A Shorter Stooge Post


Jimmy and his sister search for their hidden savings.

After my last post, I decided to read the synopses of the other Stooges episodes to see if I could find any other with representations of people with disabilities… and indeed, I did. The 1937 short, “Cash and Carry” is summarized by “Larry, Moe, and Curly blat into the U.S. Treasury in order to help a poor girl’s disabled brother” (taken from The Three Stooges Collection Volume 2: 1937-1939). When the Stooges return to their home in the junkyard, they find a little boy doing homework at their kitchen table. After telling him to get out of their apartment, he apologizes for him and his sister (they didn’t know the home belonged to anyone) and gets up to walk away. The shot then cuts to the other side of the kitchen table where we see the boy stand up and begin to limp out the door with the aide of a crutch. Moe takes over the situation by stopping the boy and telling him that they made a mistake calling this place their house because “they didn’t have any curtains,” so they couldn’t lay any claim to it. After he sits back down to do his homework, Larry, Moe, and Curly go outside to look for a new tire in the garbage heap outside their door.

Instead of finding a tire for their jalopy, they find a can filled with bills and coins totaling $62. This find sets them off searching the junkyard for other cans with money thrown away in it. Meanwhile, the little boy and his gorgeous older sister go outside to add some more money to their secret coin can, only to find it missing. After a short debacle, The Stooges return the money to the sister who explains that they’re “saving up $500 so we can get Jimmy’s leg fixed up so that he can walk like the other boys.” The Stooges decide to lend a helping hand by “investing” the money in a fallen down property, tunnel through the basement wall and find themselves accidentally in the U.S. Treasury (though they think they’ve stumbled upon buried treasure).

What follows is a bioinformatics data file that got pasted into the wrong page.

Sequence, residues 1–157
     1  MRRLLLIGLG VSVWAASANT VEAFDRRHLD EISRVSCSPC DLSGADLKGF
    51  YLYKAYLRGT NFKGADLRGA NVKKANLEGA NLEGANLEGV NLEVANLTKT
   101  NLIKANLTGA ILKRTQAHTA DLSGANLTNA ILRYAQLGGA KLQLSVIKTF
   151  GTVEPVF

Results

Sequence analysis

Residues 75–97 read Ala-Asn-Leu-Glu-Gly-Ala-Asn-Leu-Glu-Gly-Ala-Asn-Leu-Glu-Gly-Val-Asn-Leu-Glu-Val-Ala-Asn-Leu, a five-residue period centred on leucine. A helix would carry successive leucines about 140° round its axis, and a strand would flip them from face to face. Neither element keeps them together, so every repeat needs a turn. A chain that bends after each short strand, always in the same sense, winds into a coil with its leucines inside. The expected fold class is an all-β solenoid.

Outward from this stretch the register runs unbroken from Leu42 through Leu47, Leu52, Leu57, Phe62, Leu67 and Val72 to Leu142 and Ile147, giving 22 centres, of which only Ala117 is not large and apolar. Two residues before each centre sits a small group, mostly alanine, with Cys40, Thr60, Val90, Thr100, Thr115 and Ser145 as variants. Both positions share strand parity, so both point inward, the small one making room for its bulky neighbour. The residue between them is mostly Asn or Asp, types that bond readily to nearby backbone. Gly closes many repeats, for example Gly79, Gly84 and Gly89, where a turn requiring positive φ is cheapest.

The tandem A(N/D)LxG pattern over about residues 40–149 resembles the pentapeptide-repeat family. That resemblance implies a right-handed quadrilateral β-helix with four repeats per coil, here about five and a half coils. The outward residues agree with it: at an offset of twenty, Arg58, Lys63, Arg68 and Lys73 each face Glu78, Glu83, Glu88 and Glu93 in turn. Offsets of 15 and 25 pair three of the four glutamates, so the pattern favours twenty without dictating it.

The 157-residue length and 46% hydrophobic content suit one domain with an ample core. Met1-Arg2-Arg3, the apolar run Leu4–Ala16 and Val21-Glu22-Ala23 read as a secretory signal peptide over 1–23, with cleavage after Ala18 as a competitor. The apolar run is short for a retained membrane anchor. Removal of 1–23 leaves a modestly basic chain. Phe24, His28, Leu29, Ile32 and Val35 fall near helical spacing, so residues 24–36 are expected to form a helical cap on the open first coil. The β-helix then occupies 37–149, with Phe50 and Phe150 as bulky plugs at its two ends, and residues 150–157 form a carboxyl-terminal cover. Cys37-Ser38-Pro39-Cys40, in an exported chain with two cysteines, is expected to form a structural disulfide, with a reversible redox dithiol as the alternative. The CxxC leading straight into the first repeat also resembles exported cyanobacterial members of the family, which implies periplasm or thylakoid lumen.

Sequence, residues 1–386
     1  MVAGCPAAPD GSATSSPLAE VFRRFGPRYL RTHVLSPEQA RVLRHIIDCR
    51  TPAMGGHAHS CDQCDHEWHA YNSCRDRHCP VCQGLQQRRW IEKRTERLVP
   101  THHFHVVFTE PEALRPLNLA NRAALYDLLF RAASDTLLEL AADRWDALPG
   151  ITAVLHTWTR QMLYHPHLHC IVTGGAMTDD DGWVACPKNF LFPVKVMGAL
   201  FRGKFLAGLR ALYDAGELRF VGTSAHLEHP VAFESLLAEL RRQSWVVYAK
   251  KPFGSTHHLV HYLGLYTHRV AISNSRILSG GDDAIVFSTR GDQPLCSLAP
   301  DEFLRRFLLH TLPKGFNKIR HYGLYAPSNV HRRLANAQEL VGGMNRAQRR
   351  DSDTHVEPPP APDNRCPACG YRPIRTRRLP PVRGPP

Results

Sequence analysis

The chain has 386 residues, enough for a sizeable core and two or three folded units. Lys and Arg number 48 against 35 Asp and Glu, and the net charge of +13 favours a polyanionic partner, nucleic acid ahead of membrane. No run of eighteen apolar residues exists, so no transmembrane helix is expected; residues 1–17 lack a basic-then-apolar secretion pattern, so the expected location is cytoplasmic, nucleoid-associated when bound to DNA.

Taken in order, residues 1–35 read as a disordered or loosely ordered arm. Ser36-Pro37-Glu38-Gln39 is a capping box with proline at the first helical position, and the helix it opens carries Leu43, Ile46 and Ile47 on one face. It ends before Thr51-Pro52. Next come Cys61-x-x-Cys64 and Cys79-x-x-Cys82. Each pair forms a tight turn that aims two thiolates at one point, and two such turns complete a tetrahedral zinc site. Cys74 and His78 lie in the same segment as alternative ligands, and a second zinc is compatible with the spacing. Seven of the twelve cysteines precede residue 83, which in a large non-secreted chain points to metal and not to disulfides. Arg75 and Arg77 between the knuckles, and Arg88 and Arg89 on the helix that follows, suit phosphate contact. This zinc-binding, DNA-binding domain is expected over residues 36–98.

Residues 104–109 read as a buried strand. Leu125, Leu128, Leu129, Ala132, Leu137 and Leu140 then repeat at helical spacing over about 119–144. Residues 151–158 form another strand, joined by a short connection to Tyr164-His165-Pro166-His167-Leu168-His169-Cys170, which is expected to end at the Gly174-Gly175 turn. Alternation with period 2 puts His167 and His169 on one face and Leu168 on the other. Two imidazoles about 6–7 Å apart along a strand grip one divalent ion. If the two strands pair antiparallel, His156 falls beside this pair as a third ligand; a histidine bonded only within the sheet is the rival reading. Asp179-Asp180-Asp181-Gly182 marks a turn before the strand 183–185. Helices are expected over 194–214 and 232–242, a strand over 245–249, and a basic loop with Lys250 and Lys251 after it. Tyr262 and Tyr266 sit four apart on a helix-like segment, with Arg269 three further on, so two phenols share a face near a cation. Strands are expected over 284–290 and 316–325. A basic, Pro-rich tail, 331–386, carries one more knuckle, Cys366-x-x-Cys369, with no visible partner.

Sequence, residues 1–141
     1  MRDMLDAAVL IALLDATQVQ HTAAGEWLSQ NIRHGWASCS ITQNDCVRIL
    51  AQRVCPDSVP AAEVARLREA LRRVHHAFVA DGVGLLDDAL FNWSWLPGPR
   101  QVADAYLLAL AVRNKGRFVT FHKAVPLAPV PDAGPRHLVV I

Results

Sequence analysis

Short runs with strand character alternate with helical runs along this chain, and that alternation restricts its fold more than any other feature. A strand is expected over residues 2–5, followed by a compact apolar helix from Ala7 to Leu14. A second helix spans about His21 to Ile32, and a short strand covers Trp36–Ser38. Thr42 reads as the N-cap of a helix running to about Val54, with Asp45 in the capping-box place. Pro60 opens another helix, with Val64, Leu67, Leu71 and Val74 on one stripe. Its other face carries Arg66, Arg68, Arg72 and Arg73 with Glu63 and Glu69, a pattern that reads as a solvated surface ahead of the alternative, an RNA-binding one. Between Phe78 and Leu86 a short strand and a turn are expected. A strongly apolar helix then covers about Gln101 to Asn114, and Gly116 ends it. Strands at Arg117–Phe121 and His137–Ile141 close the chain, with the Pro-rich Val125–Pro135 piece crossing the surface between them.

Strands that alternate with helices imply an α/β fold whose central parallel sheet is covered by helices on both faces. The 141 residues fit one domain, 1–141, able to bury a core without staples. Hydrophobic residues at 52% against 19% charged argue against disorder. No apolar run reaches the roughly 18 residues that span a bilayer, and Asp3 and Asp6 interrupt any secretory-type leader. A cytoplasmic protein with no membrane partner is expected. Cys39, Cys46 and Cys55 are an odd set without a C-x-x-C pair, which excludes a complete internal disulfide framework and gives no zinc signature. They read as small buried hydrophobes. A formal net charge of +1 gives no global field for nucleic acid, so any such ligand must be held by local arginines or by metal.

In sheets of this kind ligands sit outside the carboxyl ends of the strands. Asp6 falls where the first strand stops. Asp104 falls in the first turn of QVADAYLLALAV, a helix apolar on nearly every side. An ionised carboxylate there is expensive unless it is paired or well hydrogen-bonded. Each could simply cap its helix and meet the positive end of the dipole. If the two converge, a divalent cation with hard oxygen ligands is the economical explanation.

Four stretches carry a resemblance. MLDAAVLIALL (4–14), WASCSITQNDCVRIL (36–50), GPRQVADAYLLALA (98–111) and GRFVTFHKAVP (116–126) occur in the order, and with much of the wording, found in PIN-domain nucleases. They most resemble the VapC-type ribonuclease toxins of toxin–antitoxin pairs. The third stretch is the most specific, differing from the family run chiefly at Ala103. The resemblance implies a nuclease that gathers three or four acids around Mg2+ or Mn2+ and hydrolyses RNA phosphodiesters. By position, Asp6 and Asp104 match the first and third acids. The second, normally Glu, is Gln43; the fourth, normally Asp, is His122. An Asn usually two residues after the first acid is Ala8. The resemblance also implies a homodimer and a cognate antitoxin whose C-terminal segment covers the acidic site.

“Mr. President” personally sees to Jimmy’s procedure.

While the initial portrayal of Jimmy is certainly an interesting one, he’s young, innocent, and just wants to fit in with his peers, the last thirty seconds of the episode seem to be the most prescriptive in terms of disability rights and models. Because those “knuckleheads” broke into The Treasury, the President of the United States hears about it and lets them tell their story. At the end of this tale the President tells Jimmy that he “shall arrange personally for you to have your operation” and lets Moe, Larry, and Curly off scot-free. Such an ending encourages the view that personal charity is the solution for disability (as opposed to the social model that stresses equal access and rights), encourages individuals to find a medical “cure” for whatever sets them apart from the masses, and allows the expensive procedure to remain unquestioned because Jimmy now has a wealthy donor to sponsor him.

Like I acknowledged in my previous post… this short is obviously made for its comedic insights, but there is still much to be said about the type of message it propagates to viewers and the type of socio/political climate it is reflective of.

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